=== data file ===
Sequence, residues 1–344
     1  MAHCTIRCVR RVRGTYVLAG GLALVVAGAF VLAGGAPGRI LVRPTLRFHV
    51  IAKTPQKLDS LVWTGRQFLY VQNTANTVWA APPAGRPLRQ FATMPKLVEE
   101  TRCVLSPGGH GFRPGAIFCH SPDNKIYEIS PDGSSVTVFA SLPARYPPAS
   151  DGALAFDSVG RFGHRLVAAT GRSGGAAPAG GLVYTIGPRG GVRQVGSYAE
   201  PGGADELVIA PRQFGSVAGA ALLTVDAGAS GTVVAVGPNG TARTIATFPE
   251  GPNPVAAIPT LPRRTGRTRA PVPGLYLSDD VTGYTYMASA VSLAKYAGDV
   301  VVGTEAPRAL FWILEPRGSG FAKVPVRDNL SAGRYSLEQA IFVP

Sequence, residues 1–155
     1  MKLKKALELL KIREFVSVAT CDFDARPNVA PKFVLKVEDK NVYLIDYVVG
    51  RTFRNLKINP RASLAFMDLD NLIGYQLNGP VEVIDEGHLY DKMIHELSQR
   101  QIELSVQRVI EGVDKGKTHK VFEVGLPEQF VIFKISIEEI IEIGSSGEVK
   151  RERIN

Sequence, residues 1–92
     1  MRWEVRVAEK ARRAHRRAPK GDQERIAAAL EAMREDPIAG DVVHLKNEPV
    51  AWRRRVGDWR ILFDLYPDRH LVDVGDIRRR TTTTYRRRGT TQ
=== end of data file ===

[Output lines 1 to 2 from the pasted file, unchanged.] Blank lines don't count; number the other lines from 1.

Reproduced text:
Sequence, residues 1–344
     1  MAHCTIRCVR RVRGTYVLAG GLALVVAGAF VLAGGAPGRI LVRPTLRFHV